NIFTY index is expected to be in consolidation mode at 11150-11500, Bank Nifty at 27000-28000, 10Y Bond 7.17% 2028 yield at 7.65-7.85% and USD/INR at 67.70-69.10. It is “all is well” post policy trade set up with confidence that the worst is behind, and expectation of extended rate pause through rest of 2018 & FY19.

Dhaval Kapadia- Director, Portfolio Specialist at Morningstar Investment Adviser India

In another pre-emptive move, RBI hiked the repo rate by 25 bps while retaining its neutral monetary policy stance. This was broadly in line with market expectations. The repo rate now stands at 6.50%, the reverse repo rate at 6.25%; and the Marginal Standing Facility (MSF) rate and Bank rate at 6.75%. The MPC reiterated its commitment to keep headline inflation close to 4 per cent on a durable basis.

RBI marginally revised its projection for CPI inflation to 4.8% for second half of 2018-19 and headline inflation for Q1 2019-20 is projected at 5%, with risks evenly balanced. In its previous policy meetings, RBI indicated risks pertaining to CPI projection are tilted to the upside. This has changed with onset of normal monsoon and clarity on impact of increase in MSPs for kharif crops. Factors that make the inflation outlook uncertain on the upside include elevated and volatile crude oil prices, and incremental increase in MSPs over the average increase in the past which was not factored in the June projection. Besides, any further fiscal slippage (both at central and state levels) from the budgeted estimates for 2018-19 may have a significant bearing on inflation outlook. Couple of factors that are expected to have favorable impact on inflation includes, normal monsoon which would help to keep food inflation under check and reduction of GST rates on several goods and services which will have direct moderating impact on headline inflation provided there is a pass-through to retail consumers.

RBI retained its GDP growth outlook at 7.4% for 2018-19 within a range of 7.5-7.6% in H1 and 7.3-7.4% H2, with risks evenly balanced and GDP growth for Q1:2019-20 is projected at 7.5%. Signs of improvement in credit off-take are signifying revival in manufacturing sector and new investment activity. Capacity utilization in the manufacturing sector continues to witness improvement with new orders received by companies last quarter saw a substantial growth over a year ago period, reflecting pick up in domestic demand. Recent pick up in domestic air passenger traffic, services PMI, auto sales is expected to boost consumption expenditure. However, major risk to growth outlook is rising global trade tensions which is gradually turning to currency war.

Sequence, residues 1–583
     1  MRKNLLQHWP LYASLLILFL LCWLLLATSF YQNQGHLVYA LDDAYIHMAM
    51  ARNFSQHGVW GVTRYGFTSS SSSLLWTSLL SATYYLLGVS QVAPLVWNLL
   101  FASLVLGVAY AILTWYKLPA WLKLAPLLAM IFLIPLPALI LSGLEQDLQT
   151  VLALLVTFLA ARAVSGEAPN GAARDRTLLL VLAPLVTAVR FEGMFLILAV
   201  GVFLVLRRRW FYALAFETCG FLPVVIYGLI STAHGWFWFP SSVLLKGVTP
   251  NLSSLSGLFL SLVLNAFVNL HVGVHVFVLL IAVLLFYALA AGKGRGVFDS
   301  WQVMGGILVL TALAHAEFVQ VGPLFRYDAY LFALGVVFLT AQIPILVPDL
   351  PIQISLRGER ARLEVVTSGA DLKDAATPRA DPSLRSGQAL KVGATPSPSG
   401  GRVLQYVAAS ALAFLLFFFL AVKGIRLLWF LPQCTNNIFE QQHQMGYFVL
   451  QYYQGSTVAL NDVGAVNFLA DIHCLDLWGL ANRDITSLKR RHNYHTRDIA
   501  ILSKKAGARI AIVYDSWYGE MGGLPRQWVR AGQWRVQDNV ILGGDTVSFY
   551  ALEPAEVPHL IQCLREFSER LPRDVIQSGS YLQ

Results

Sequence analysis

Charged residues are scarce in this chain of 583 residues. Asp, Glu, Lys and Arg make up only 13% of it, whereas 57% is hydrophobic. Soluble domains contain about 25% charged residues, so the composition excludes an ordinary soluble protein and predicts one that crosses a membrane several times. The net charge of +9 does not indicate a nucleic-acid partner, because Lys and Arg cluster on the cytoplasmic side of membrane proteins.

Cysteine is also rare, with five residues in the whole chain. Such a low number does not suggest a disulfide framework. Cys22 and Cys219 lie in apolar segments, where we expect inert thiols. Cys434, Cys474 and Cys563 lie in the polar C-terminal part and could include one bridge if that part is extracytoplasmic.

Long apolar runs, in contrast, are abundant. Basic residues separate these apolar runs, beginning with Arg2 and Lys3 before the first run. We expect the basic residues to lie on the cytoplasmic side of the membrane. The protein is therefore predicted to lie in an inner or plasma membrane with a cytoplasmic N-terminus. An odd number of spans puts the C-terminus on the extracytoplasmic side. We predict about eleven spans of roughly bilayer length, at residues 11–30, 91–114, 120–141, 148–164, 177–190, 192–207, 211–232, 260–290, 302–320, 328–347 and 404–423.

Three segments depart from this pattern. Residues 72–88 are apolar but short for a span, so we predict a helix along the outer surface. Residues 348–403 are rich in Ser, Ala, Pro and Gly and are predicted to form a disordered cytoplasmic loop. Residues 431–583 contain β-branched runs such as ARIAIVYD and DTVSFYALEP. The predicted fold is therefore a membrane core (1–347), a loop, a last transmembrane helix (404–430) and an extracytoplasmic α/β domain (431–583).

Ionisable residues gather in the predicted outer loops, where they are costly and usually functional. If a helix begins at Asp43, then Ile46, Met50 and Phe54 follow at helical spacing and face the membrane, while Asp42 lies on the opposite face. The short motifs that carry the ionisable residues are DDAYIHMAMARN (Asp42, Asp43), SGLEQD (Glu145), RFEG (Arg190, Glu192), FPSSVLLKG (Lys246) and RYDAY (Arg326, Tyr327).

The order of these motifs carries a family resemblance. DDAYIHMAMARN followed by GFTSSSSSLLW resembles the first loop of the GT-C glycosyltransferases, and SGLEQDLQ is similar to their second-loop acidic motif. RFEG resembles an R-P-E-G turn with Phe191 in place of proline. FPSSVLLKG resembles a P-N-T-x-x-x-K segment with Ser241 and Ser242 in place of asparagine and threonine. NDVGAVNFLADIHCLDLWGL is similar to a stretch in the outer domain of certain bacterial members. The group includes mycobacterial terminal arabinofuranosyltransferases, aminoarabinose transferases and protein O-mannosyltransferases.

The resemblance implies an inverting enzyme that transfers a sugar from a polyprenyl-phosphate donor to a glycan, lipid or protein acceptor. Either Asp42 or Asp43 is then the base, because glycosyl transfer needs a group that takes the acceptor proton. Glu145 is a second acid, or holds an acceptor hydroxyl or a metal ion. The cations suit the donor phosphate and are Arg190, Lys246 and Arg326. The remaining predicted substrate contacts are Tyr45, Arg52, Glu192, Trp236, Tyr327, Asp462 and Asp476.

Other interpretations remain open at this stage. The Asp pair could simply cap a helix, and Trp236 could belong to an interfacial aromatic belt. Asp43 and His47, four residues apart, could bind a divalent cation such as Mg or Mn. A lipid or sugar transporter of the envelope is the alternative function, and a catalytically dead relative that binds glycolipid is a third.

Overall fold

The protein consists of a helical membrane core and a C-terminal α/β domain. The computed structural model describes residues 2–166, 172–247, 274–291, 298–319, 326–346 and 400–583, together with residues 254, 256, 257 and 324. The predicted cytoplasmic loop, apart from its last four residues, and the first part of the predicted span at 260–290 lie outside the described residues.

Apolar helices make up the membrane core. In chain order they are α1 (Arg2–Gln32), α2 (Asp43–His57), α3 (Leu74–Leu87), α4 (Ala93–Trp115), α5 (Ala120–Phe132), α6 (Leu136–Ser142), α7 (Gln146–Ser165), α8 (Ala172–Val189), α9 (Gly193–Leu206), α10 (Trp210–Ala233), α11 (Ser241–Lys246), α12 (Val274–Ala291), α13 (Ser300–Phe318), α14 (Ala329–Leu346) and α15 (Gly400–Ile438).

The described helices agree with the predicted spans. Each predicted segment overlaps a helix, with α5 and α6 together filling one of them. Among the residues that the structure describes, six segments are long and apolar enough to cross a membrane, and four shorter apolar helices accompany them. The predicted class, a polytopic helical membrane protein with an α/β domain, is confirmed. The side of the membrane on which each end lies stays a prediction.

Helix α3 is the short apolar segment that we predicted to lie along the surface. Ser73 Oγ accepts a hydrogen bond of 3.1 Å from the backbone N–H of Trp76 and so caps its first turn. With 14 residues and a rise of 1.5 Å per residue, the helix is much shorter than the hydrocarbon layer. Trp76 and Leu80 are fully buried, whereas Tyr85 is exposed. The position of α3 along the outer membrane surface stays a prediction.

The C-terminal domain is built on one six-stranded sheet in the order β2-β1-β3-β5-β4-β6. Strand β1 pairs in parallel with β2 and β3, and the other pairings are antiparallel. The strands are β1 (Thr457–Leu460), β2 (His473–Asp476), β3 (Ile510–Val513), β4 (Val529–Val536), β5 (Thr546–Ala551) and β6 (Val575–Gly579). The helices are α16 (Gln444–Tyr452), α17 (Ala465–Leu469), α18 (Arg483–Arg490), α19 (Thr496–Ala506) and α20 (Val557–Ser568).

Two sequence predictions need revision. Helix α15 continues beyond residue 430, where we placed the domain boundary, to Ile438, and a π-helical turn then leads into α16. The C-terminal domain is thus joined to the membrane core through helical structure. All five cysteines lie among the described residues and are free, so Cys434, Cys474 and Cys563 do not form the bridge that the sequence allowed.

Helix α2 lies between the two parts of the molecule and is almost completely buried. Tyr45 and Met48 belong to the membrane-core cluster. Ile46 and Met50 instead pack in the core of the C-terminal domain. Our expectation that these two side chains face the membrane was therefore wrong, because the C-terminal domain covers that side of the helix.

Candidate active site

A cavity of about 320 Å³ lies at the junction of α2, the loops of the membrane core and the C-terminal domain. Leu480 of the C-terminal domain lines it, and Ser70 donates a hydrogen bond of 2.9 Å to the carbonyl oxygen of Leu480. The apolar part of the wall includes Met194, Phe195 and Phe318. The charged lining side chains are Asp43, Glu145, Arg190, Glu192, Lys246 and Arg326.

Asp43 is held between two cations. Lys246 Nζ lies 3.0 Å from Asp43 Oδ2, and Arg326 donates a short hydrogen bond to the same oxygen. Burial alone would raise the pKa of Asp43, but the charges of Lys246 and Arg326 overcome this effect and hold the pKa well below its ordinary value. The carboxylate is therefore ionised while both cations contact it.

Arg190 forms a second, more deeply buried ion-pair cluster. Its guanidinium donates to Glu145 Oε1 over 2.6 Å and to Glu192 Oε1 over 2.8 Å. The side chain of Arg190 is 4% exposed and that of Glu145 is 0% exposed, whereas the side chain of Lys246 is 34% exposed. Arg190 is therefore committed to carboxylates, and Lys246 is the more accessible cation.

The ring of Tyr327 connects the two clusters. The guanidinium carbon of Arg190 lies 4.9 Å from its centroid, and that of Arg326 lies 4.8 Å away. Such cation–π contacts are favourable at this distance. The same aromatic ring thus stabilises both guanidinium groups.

Impact on Economy

Over the last 6 to 12 months, borrowing costs for corporates, banks and other institutional borrowers have been rising with yields across the curve on instruments ranging from CPs, CDs, corporate bonds, T-bills and government bonds rising by 125 to 150bps probably on account of reduced appetite for corporate lending by banks. RBI’s action to hike the repo rate by another 25 bps today might result in a marginal increase in lending rates for corporate and retail borrowers with a lag. CPI based headline inflation has been above 4% over the last few months and given RBI’s primary objective of maintaining an inflation rate of close to 4%, this rate hike is targeted to bring inflation to targeted levels. Based on the pace of transmission of higher rates to borrowing costs, the growth recovery could be negatively impacted. Over the longer term, a fine balance between inflation & growth is desirable and would benefit the economy.